Updated: May 21, 2013 at 10:00 a.m.
Brandon Morgan wanted to get up early to chase tornadoes. But Morgan, 22, overslept, and by the time he rolled out of bed on Monday, the first in a series of deadly storms was already descending on Moore, his hometown. Morgan, whose hobby is chasing storms, first spotted the twister near the 7-Eleven gas station. He reported the sighting and then ran into the station to urge the four people inside to take cover. Minutes later, all four were killed.
Morgan, meanwhile, had raced away in his car, not realizing just how big the tornado was — a category 4, out of 5, on the Enhanced Fujita (EF) scale. The storm seemed to follow him as he sped across town on Interstate 35. When the storm dissipated, he called his brother, who lives nearby, and the two headed to their grandfather’s house, not far from the 7-Eleven. Along the way they pulled two women out of the ruins of a Dollar General, and tried to get to a home that was on fire. “You hear screams, you go help,” says Morgan, who works in security and is a National Guardsman. “The military taught me that.”
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A massive search and rescue operation is now under way to find anyone else who might be trapped in the miles of devastated homes and buildings. According to the official counts, Monday’s twister left at least 24 dead, including 9 children who were trapped in their elementary school. It was initially thought that the storm claimed 51 lives, but Tuesday morning the Oklahoma medical examiner lowered that number, citing the storm’s initial chaos as the reason for the inflated number. But as the sun rose Tuesday morning, the death toll was also expected to spike. Most striking, though, is how the town’s landscape was drastically altered in minutes. What was once a community of homes and a ranch next to the school is now a patchwork field strewn with debris. Fallen trees arch over the rubble of flattened houses.
Compounding the misery is the fact that Moore has known tragedy before. Less than half-a-mile from the Dollar General an EF5 tornado cut an ugly swath through Moore 14 years ago, killing 36 people. The “May 3 devastation,” as folks in Oklahoma City call it, was the worst tornado to hit the area in a generation—that is, until this one. Morgan’s grandfather, for instance, survived the twister, but lost yet another home. “This is the fourth house he’s lost to tornadoes,” Morgan said. “He moved here because Moore had already been hit.”
President Obama has declared a state of emergency in five Oklahoma counties and sent in the Federal Emergency Management Agency. Except for first responders and groups like the Red Cross, the entire area was closed off as officials raced to evacuate the remaining survivors and clear downed gas and power lines to make it safe for residents to return to salvage what they can.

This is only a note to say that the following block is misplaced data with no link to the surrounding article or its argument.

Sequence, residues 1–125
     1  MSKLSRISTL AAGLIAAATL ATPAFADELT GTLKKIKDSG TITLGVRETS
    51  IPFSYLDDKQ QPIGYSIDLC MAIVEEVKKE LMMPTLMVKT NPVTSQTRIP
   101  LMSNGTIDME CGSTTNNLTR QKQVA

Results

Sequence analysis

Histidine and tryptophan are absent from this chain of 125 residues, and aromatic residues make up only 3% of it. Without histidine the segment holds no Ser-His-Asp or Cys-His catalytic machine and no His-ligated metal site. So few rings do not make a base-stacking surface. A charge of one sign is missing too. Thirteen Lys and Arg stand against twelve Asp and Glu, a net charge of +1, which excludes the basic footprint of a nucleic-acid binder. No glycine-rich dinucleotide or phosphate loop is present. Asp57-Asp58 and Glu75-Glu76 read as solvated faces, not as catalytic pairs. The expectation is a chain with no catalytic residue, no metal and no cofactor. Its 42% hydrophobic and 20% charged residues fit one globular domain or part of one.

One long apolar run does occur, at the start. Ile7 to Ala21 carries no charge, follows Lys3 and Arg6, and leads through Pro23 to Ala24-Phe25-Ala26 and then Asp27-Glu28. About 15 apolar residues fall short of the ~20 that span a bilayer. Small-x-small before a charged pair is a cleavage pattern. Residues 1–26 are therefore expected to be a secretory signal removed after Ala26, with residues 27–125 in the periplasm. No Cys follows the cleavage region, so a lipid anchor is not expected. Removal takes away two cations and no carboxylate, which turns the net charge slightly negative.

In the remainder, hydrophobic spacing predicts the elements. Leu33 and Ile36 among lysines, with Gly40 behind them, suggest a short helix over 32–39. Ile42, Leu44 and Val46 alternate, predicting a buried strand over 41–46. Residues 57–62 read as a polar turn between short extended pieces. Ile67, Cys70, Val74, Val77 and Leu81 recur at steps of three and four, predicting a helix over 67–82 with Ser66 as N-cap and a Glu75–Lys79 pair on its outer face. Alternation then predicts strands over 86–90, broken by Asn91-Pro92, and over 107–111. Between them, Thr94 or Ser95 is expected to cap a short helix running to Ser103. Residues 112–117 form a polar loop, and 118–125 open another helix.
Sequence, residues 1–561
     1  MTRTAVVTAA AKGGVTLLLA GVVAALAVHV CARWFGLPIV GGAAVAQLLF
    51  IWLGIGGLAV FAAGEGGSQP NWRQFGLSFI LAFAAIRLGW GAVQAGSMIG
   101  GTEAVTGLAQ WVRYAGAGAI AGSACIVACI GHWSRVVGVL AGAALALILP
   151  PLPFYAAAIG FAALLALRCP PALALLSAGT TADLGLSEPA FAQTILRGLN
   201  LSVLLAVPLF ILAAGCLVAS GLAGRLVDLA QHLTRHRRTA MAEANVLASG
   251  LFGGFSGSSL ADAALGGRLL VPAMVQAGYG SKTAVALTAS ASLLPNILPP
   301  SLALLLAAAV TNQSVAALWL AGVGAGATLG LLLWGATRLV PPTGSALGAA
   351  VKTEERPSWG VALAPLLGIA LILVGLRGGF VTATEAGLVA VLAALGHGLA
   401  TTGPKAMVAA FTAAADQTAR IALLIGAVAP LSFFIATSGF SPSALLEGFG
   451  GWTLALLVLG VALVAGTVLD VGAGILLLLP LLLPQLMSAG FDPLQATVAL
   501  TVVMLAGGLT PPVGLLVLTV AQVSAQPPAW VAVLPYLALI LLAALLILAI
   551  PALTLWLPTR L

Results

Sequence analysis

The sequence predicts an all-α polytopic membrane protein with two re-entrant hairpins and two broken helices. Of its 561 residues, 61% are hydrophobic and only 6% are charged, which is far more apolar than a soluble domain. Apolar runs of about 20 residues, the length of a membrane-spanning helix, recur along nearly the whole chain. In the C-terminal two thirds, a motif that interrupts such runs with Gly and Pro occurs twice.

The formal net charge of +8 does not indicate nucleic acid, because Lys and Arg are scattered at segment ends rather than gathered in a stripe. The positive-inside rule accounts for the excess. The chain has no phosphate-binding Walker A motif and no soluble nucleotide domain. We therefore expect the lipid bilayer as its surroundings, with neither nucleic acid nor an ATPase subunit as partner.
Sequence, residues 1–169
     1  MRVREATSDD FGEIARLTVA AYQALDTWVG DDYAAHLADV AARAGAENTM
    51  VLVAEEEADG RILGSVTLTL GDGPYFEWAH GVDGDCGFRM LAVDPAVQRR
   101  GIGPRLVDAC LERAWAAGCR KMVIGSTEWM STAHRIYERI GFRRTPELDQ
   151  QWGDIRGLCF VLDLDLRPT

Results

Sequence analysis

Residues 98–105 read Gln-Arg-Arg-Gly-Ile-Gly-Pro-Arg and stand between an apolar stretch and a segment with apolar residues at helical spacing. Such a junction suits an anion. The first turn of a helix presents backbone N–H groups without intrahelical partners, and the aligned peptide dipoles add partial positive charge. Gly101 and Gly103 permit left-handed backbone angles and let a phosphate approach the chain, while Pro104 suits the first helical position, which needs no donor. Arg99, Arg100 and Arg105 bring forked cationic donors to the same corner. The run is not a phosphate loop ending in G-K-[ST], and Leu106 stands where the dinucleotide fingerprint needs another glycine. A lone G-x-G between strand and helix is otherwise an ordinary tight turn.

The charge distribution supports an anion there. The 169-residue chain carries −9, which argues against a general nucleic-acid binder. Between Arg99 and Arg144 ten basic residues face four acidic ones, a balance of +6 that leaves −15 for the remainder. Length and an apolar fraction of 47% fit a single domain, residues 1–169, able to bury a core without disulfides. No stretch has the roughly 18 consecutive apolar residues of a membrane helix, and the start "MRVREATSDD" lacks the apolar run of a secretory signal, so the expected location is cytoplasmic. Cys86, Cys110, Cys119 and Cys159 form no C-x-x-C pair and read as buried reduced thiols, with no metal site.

Morgan, the storm chaser, could have reported to the Guard for duty, but instead he decided to help Fire Corps, a non-profit founded by veteran emergency responder Larry Wooter, 61. Wooter and his teams came up from Hinton, Okla., about 70 miles away and were driving around the disaster zone, handing out hot pizza, sandwiches, chips and water to the first responders. By midnight, much of the rescue operations had ceased and the focus shifted to recovery.
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Tagging along with Fire Corps was Malorie Gulikers, 30, the newly crowned Mrs. Oklahoma. Gulikers was in the Target around the corner from the devastated Plaza Towers Elementary School, when the tornado hit. When she emerged, her car was blocked by debris and she was told by first responders to run. She did, heading for her six-year-old son’s nearby school. After determining he, her husband and their home were okay, she returned to the disaster zone. “I just couldn’t rest after this. I couldn’t sleep,” she says. “I had to help.”
At Broadway and SW Fourth Street, she picks up a scrapbook and jewelry box laying next to a teddy bear on the muddy ground. “I’m going to make it my mission to give these back to the little girl that lost them,” she says, fingering a homemade bracelet that says “Mom” in beads.
Hundreds of people are now without homes, even more without power. Cheley Stewart turned up at a shelter at St. Andrews church about three miles from Plaza Towers Elementary. The house she’d been staying at with her grandmother and uncle was half gone, but her relatives refused to leave. Stewart and her three kids will stay at the shelter for the foreseeable future. “It’s like a war zone in there,” Stewart says, trying to comfort her crying six-year old. “It’s crazy, I know. But everything will be alright.”
At Broadway and SW 4th Street someone took the tattered remains of what was once a proud American flag hanging in front of what was once a home and planted it in the crumpled shell of a blue car. It waved, torn, in the wind as another set of thunderstorms approached around midnight. A few firefighters snapped pictures. “That’s amazing. It was like that when we got here,” Vernon Boyce, 51, a Moore firefighter, says, nodding at the flag. “It’s a symbol: we’ll go on.”
This story has been updated to reflect the changing death toll.